Author: tkatchev
Posted: Dec 24, 2001
http://www.adequacy.org/public/stories/2001.12.24.131745.41.html
 

([MP3] links fixed, 09.2008)


This time I'm continuing the expose' of Egor Letov's texts. His work can be roughly divided into three periods: the "nihilist" phase (1984-1990),
the "existentialist" phase (1990-1993), and the "communist" phase. (1993-2001) 
 


the "nihilist" phase, (1984-1990)

I present to you the first-ever, as far as I know, translations of Egor Letov to English. Egor Letov is the premier contemporary nihilst and existentialist in Russia; the translations posted here are from his early "nihilism" phase, circa 1984-1989. Admittedly, his later "existentialist" phase is much better, but more difficult to translate. (The poetics gets much more involved and flowery.) 
In any case, enjoy, and remember that you saw it here first. 
 
 

Optimism

You know how to weep -- you're going to die.
Someone's writing on walls -- he's going to die.
She has eyes -- she's going to die.
It is time to relax -- we're going to die.

Someone's writing on walls -- he's going to die.
It smells of spring showers -- someone just died.
They have something to say -- they're going to die.
Someone's quetly laughing -- I'm going to die.

I dared to speak the Word -- I'm going to die.
I dared to sing "fuck!" (*) -- someone just died.
Someone's watching the Sun -- he's almost dead.
Someone's watching my step -- he's ready to die.

  This is optimism.
  Our optimism.
  New optimism.
 

(*) Alternative version: "I dared to take this step" 

(c. 1985, Listen to the original. [MP3])

----------------------------------------------- 
 
 

Children's World

This didn't happen to me, it was only a guess,
Someone smashed my window, someone smashed my glass.
Very difficult to run with a gun strapped to your back,
With a yo-yo in your head and a target on your back.

  Children's World
  It's a Children's World

Someone's crawling in my trench, bloody and a bit unhinged,
But no matter what I do, he will die without my help.
If you tried to draw all this, you would get a sticky stain,
Very large and sticky stain, very hard to know your place.

  Children's World
  It's a Children's World

I will shoot me in the head, get some funny juice to flow,
If you try this game again, it will double all the fun.
When there's nothing left to lose, you can tolerate much more,
You can play the happy game, roam the fields collecting flowers.

  Children's World
  It's a Children's World
 

(c. 1986, Listen to the original. [MP3])

----------------------------------------------- 
 
 

The Zoo

No need to treasure, no need to wait,
No need for faith, no need for lies,
No need to fall, no need to drink,
No need to weep, no need to live.

  I need people like myself,
  Crazy and a little strange,
  Crazy and a little sick.
  Time will come and I will find them,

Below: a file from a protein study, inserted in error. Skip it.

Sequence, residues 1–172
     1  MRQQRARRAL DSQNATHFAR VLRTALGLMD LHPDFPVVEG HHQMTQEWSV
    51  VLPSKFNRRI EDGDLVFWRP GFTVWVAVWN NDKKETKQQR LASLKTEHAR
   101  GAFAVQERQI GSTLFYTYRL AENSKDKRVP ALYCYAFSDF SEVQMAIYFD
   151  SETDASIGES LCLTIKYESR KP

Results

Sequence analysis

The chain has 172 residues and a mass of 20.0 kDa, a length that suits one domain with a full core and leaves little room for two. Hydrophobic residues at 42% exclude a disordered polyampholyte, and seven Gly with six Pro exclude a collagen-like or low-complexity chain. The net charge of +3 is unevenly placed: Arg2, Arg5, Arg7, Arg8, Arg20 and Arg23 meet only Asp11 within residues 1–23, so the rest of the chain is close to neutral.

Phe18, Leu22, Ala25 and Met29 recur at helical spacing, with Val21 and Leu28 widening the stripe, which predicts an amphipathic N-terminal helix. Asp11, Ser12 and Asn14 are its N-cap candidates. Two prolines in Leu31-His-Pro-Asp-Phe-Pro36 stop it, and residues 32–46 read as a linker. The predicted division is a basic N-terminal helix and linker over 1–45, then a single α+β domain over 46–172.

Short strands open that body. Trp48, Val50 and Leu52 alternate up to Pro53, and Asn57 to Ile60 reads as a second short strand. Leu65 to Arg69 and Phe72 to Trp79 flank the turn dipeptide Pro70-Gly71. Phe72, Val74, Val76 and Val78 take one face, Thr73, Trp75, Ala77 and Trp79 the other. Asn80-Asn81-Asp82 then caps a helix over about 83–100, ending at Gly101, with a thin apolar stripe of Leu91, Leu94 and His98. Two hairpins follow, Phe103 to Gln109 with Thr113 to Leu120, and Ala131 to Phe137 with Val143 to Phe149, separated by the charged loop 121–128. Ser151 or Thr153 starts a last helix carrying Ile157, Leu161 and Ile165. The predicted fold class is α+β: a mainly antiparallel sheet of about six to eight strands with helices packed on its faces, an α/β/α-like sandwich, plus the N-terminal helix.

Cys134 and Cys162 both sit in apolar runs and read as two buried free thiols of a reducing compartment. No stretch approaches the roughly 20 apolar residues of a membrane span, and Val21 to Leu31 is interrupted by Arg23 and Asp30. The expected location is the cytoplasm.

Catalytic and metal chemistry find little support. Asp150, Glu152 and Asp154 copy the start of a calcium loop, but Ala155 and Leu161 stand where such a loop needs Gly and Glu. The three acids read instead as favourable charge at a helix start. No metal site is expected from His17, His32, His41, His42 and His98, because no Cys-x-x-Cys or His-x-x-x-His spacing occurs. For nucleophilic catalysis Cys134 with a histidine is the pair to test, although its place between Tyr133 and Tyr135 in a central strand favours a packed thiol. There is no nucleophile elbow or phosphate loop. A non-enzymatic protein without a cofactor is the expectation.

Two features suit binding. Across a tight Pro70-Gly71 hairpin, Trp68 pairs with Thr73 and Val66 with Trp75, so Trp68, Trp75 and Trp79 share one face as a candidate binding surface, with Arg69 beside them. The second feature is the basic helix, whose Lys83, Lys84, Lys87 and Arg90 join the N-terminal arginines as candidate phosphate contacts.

We will leave without a fight,
  We will leave you in the night,
  We're leaving the zoo.

Oh baby, baby, you're like a squeak,
You're like a point when you don't speak,
But you're too many, my eyes are dim,
I wish I could just smash the glass.

  I need people like myself,
  Crazy and a little strange,
  Crazy and a little sick.
  Time will come and I will find them,
  We will leave without a fight,
  We will leave you in the night,
  We're leaving the zoo.

More empty sounds, more empty days,
You're one too many, and we are strays,
The hands of children are holding knives,
I'm hoping all this is simply lies.

  I need people like myself,
  Crazy and a little strange,
  Crazy and a little sick.
  Time will come and I will find them,
  We will leave without a fight,
  We will leave you in the night,
  We're leaving the zoo.
 

(c. 1986, Listen to the original. [MP3])

------------------------------------------------ 
 
 

Unclarity of Mind

Dreaming inside-out
I am tripping on level ground
Dreaming inside-out
Strands of hair in the cup of my water

  Dirty bandage and glass after glass.
  Dirty bandage and glass after glass.

I have seen the day
I saw in the sky, there someone was walking
I have seen the day
Wandering windows of waxen lights

  Dirty bandage and glass after glass.
  Dirty bandage and glass after glass.

Please prohibit me
I'm strung out over and over
Please prohibit me
I already feel the high wearing off

  Dirty bandage and glass after glass.
  Dirty bandage and glass after glass.
 

(c. 1987, Listen to the original. [MP3])
 
 



 

the "existentialist" phase (1990-1993), 

This time, I'm continuing to post exclsuive translations of Egor Letov. This is from his "existentialist" phase, spanning approximately 1989-1993. It was marked by much more involved and flowery poetic language, with a new element of folk incroppings. This period is generally considered his best, though people say that this is due to schizophrenia and/or drug abuse. 

In any case, here's another exclusive release for adequacy.org readers: 
 
 

Seven Spunky Steps Over the Horizon, pt. I

The sky is shaking under my feet,
The news are flying off into far-off lands,
Flowered into troubled circles,
The thundering view, the starry dust

  Willful rowboat, obedient stream,
  Seven spunky steps over the horizon.

Following the footsteps of the sworn volunteers,
Into icy depths of dry rivers,
Into flooded waters of dry wells,
Into lollipop fear,
Into unknown fords.

  Long little night, short little day,
  Seven spunky steps over the horizon.

The punished son never grew up,
The capricious oar is refusing to row,
The stubborn parachute didn't open on time,